I have spent over forty years in science and, I hope, have made a significant contribution to our understanding of the relationship between our genes and disease, particularly in relation to Duchenne muscular dystrophy. But it very nearly wasn't so.
Upon graduating from Oxford University with a vocation for science, I initially decided to fulfil it through teaching. This, I had been advised, was the only scientific career I could reasonably combine with my husband's: he was a scientist who would move from institution to institution, and I would be expected to follow him. Fortunately, the education professor who interviewed me thought otherwise. Teaching, he said, would be a waste of my talent. He urged me to do a PhD instead.
My interviewer was right. Research was my true passion, and I embarked on a successful career in science.
A career in science is never an easy choice, however, and particularly not for a woman in the 1970s. When I was interviewed for a lectureship at Oxford, where my husband worked, I was advised that a junior position would be more appropriate as it would enable me to go home and cook dinner. When I had a child, I could no longer work the long hours that were often expected. Without a supportive partner - and, crucially, a sympathetic employer - my career would have been short-lived.
The challenges I faced were not unique to me and nor are they entirely a thing of the past. The environment has improved, but as a report published by the Wellcome Trust shows, there is still some way to go: more women than men still drop out of research, and earlier in their careers. The reasons they cite chime with my own experiences.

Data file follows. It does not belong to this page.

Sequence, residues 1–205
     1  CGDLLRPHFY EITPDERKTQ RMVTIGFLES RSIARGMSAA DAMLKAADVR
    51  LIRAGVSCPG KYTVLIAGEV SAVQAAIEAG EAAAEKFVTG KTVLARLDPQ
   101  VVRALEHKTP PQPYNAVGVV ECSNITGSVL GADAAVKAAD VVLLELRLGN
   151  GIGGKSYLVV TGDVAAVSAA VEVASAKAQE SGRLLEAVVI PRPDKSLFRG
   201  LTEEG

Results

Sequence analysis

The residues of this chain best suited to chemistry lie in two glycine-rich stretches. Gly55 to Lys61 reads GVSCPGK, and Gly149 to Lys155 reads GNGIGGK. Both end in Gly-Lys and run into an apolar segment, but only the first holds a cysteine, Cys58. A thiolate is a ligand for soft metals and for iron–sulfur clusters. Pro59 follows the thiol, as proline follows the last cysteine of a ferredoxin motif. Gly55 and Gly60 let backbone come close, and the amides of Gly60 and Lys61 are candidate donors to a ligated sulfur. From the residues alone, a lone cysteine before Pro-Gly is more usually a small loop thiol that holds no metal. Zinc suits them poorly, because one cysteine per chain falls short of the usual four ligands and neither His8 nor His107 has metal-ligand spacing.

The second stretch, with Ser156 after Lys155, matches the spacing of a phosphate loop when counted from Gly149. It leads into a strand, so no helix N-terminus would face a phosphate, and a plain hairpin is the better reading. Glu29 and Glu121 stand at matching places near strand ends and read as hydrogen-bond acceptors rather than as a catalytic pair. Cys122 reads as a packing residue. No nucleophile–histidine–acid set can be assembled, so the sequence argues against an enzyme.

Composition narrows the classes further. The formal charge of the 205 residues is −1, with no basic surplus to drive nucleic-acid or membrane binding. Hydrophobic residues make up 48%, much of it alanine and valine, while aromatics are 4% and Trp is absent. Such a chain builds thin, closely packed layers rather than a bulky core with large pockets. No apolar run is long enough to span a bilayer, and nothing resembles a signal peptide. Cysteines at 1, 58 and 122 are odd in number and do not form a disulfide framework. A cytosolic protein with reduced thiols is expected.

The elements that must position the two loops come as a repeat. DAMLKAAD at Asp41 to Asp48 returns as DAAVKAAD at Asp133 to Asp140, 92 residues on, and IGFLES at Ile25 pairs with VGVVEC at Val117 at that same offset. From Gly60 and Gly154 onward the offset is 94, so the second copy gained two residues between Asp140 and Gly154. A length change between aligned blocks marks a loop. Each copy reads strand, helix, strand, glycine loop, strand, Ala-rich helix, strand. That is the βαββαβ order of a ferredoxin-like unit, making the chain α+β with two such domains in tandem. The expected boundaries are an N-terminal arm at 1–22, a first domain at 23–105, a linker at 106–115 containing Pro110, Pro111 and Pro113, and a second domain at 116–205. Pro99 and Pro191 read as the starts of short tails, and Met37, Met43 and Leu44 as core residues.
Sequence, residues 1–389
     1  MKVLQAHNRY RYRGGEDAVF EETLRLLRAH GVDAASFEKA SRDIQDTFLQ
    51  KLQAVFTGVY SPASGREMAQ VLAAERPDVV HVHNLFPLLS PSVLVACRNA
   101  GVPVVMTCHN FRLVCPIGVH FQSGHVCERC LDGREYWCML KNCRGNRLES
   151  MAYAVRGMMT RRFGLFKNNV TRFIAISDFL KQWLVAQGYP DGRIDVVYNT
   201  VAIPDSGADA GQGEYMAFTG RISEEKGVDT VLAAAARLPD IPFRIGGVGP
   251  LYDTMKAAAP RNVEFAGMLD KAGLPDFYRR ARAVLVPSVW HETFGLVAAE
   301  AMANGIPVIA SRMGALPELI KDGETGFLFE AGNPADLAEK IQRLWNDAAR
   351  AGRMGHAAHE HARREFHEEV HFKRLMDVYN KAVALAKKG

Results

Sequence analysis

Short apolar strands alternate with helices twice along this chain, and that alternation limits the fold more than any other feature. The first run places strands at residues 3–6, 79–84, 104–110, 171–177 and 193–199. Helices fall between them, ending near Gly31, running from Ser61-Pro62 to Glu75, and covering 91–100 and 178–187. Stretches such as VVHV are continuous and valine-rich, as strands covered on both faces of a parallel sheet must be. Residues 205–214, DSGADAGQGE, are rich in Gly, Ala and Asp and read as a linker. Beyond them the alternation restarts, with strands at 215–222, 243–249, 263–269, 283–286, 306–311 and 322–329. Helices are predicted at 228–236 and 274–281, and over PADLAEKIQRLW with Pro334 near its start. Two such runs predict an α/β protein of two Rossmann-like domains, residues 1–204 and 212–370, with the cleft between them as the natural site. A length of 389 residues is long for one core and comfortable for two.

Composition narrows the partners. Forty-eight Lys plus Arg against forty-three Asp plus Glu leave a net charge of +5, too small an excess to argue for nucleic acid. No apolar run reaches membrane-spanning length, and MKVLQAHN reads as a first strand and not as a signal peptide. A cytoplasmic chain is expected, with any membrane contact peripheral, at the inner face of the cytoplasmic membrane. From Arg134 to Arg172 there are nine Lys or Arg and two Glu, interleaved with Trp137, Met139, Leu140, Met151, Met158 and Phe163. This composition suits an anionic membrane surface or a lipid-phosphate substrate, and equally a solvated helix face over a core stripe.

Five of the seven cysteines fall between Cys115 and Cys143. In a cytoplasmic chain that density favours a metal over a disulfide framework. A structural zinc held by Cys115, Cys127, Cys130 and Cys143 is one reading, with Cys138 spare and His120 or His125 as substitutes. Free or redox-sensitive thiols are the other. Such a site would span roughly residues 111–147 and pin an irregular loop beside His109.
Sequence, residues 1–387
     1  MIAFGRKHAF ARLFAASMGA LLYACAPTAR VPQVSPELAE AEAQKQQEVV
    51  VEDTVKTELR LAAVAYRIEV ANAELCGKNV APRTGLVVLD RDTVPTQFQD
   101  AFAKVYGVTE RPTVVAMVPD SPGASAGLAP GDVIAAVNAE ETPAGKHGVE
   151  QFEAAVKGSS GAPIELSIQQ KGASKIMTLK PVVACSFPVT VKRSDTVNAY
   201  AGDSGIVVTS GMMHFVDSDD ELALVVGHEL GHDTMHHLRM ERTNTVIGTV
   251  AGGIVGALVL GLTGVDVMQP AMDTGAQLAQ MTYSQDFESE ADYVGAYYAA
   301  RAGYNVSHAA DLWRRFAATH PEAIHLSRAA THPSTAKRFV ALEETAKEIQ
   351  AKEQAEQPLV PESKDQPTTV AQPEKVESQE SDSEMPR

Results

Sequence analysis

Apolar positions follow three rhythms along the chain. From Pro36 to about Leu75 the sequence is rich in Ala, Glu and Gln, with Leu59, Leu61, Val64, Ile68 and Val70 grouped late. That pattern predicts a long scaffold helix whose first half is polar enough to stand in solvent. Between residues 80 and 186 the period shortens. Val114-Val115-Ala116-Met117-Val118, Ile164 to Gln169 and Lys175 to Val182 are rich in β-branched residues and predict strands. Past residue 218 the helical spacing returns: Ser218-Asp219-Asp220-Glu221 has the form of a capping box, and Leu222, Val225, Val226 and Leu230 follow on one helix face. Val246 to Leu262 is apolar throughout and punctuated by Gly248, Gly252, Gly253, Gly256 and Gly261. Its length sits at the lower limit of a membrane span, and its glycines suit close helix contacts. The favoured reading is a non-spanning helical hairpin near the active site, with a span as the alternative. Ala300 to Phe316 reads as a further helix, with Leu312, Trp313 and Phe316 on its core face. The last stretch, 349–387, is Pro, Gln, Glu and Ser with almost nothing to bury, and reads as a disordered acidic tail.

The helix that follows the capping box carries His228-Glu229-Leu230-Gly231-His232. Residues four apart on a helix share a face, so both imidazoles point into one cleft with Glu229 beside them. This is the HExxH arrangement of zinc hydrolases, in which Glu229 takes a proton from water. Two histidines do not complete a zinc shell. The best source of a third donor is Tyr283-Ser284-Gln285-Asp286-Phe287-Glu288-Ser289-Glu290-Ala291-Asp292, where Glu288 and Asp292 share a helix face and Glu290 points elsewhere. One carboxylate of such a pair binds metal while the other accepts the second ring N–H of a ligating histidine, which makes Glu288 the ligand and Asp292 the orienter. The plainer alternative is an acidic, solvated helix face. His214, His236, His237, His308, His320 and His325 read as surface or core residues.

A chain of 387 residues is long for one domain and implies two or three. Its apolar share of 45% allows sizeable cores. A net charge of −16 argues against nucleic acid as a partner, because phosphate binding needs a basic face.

Like many professions, science requires hard work. By its nature, it also requires robust challenge from your peers. Too often, though, this can translate into a culture where long hours are felt to equate to productivity, and where macho and adversarial behaviour is rewarded. This can be difficult for good researchers of both sexes, but the report finds that men and women feel it disadvantages women more.
Science needs a working environment that better recognises that individuals' personal circumstances and approaches to research differ, in ways still compatible with excellence. Collaboration is the lifeblood of science, but this need not always mean early-morning meetings or after-work drinks that don't suit the nursery run. When I was the mother of a small child, commuting from Oxford to London, I proved that it is quite possible to deliver first class research without working late into the night. It is too often assumed, wrongly, that it can't be done.
Women in science also need positive role models and, critically, mentoring and career support. I try to give advice where I can. Be aware of your limitations, I tell them, but above all be confident and give it a try - it nearly always works out. Those of us who have shown what can be done need to share our experience more widely. The young researcher struggling to balance research against family often needs only to see what is possible, and to be encouraged not to give up. Her enthusiasm and drive will do the rest.
Science is an exciting and fascinating field to work in. It needs diversity of talent to provide diversity of thinking. I have been fortunate enough to have lived and worked in a supportive and encouraging environment. I want this to be the same for today's scientists.
Dame Kay Davies is Deputy Chair of the Wellcome Trust and Professor of Anatomy at the University of Oxford